Hand-built canoe plans

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ConnieD
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Hand-built canoe plans

Postby ConnieD » Wed Jun 09, 2010 8:13 pm

http://www.northwestcanoe.com/canoes.html

Free canoe plans.

Here are stories for reading while building the canoe: see also the links at the bottom.

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zelph
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Re: Hand-built canoe plans

Postby zelph » Wed Jun 09, 2010 11:18 pm

A quote from "Flying in Paddling out"

This was a big horseshoe shaped lake with an east and west half, connected at the north. We entered at the south end, paddled all the way north, turned the corner, and paddle all the way south, in a blistering hot headwind. It was so hot. It was so windly. It ripped the moisture right out of us. We drank water constantly. I didn’t know it, but we were losing electrolytes fast. Sodium, Potassium , Lithium, whatever.

We crawled down the lake in the teeth of this wind to the south of the lake, as close to the portage as we could, and landed on the last island, as wretched a spot as we’d been to and hauled out. It was weird. The wind was howling, it was 36 degrees C, the bugs were awful: sand flies, they don’t care if it is hot and sunny, not like mosquitoes who at least wait for dusk. They bite you all the time. They look like houseflies but they bite like Horseflies. And they don’t give up. You end up slapping yourself silly. We took what cover we could from the wind and heat and sun and bugs and waited. Waited for whatever came next.

Well, an hour before dusk the wind died. Good. Then it got somewhat cooler. We paddled with just us, no gear, to the south shore to locate the portage for the next morning. A big sign " Obukuwin Portage". Great. We walked the first push, not bad, took fifteen minutes across. We came back and paddled to camp.

Our plan was to get up and hit the portages early, before it got too hot , and paddle the rest of the way at ease. There were three long portages ahead of us 900 m., 1250 m., and 2500m., but we were moving strong and , " How bad can it get?"

Pretty Bad
We got back to camp and were driven into the tent by the bugs right away. We were tired but relaxed, bracing ourselves for the next day. We knew it was going to be difficult but felt confident in our ability. I sat up reading by the fading light and the Comm dozed. There were flashes of light off to the south. We sat and watched as the darkness took over. More flashes. There was a big thunderstorm way south of us. " I think it’ll pass by", we both agreed, as these flashes erupted. It was the biggest light show I’d ever seen. This went on for an hour, getting brighter and closer.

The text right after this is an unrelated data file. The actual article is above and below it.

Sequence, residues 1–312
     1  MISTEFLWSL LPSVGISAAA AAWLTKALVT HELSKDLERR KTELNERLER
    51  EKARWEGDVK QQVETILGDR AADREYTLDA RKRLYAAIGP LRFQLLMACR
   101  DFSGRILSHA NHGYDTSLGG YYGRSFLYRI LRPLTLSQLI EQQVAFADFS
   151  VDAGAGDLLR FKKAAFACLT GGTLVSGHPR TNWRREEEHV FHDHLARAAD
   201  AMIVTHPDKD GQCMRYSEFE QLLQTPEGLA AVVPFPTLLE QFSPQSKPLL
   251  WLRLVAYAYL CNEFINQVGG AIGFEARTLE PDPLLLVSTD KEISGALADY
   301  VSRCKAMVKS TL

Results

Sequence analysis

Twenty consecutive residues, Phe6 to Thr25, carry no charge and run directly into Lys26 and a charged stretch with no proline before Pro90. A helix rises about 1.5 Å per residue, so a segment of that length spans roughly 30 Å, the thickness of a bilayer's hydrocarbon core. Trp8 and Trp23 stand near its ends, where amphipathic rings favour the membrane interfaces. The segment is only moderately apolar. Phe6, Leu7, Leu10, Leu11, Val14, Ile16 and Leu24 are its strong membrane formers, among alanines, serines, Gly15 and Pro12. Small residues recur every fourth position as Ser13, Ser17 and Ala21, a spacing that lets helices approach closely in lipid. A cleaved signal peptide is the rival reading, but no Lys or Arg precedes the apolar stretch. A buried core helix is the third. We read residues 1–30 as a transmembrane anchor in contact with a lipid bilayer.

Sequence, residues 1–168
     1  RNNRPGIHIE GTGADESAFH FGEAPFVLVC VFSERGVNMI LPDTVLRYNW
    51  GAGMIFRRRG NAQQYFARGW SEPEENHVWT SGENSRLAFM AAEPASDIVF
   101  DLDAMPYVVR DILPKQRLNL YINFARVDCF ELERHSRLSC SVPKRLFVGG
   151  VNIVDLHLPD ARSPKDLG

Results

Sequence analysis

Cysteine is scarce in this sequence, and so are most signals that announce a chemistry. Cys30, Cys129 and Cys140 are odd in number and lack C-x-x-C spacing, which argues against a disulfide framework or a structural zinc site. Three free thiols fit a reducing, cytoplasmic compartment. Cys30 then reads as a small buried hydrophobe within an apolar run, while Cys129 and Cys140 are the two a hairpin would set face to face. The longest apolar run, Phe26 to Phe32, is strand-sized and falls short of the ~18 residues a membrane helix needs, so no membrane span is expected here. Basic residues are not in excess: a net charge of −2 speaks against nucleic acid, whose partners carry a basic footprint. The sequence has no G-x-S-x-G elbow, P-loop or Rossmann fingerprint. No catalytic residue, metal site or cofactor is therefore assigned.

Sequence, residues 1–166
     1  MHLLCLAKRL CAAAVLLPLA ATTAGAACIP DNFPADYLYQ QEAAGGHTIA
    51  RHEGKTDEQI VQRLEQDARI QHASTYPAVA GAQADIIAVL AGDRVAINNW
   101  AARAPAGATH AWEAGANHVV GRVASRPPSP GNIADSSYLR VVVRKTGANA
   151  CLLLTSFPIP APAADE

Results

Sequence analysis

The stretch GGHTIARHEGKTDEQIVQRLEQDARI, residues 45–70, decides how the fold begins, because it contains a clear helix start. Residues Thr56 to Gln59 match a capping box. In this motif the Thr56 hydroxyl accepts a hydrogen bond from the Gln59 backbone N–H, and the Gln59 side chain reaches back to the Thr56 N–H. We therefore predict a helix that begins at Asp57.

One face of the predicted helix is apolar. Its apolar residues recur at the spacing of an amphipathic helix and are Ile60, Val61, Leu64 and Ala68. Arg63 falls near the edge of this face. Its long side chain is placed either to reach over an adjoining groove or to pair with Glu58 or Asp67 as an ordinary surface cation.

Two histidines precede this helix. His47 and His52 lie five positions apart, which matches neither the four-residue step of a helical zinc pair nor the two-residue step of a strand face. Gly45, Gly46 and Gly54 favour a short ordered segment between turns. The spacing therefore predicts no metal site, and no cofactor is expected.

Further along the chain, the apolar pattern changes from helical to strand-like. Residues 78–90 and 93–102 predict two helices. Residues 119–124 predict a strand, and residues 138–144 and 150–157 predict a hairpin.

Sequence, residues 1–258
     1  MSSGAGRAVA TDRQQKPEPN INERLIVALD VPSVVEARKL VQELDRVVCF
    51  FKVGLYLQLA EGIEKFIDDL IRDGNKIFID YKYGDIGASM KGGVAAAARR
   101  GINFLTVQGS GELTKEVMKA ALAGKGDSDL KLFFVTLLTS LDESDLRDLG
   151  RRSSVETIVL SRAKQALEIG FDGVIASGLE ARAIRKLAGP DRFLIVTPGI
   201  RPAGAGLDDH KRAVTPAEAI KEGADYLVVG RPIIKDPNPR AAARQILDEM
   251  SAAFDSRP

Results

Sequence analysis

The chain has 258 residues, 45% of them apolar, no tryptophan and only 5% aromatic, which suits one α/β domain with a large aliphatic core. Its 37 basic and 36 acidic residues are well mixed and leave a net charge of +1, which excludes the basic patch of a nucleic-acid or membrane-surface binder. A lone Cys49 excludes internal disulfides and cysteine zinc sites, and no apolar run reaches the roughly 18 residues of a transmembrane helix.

Then a flash of light and an immediate blast of thunder to our left, then a whooshing sound to the south; it was the wind crossing this previously calm lake right at us. Like a Freight Train it hit us. We got out in a blinding rain to put the fly on the tent, got back in and were hit by a hammer that flattened the tent. I was awed at how fragile our shelter was; our shelter that we took for granted as safe and secure. Flattened. I sat up against the wall to hold it up. The wind raged and the rain pummeled us. Things in camp blew around. Lightening hit a tree on our island but the forest couldn’t catch fire because it was raining so hard. We ran outside in the storm to tie down the canoe to some trees and ran back into the tent. It was a soggy film of nylon lying on our faces as the wind tried to blow us off this miserable chunk of rock. This went on for hours. I sat against the wall of the tent holding it up, silently reciting Mantra. The Comm was lying down, doing his mantra. Any mantra in a storm. I thought we might die here. Any of those lightening strikes could hit us. I often reflect upon enlightenment. Maybe this was the Quick Path. I gave up and laid down on my damp bed. It was already getting light before I got any sleep.

At 6:00 A.M. with sandpaper behind my eyes we got up and surveyed the camp. Everything was blown around but nothing was blown away. A cup of Miracle Drink and off.
"Nothing Ventured Nothing Gained" stove store = http://www.woodgaz-stove.com/

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ConnieD
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Re: Hand-built canoe plans

Postby ConnieD » Thu Jun 10, 2010 11:52 pm

I haven't had any experiences like that.

I wear a Bug-Me-Not Head Net.

I slather exposed skin with sunscreen-moisturizer. I use a sunscreen Lip Balm.

I have a Platypus water bladder.

I don't "tent" in strong winds. I bivouac.

I mean really, zelph!

Look at the pictures at DarenN's June Solo Kayak Trip idyllic campsite and cove.

nice.

Look at the canoe plans, they are beautiful.

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zelph
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Re: Hand-built canoe plans

Postby zelph » Fri Jun 11, 2010 7:49 am

Lucky Daren, gets all the good stuff. Daren and you have the good life. Single, carefree always on the go. :o 8-) Stick realityguy in there also, he's not single but fits the rest of the good life qualities. :D
"Nothing Ventured Nothing Gained" stove store = http://www.woodgaz-stove.com/


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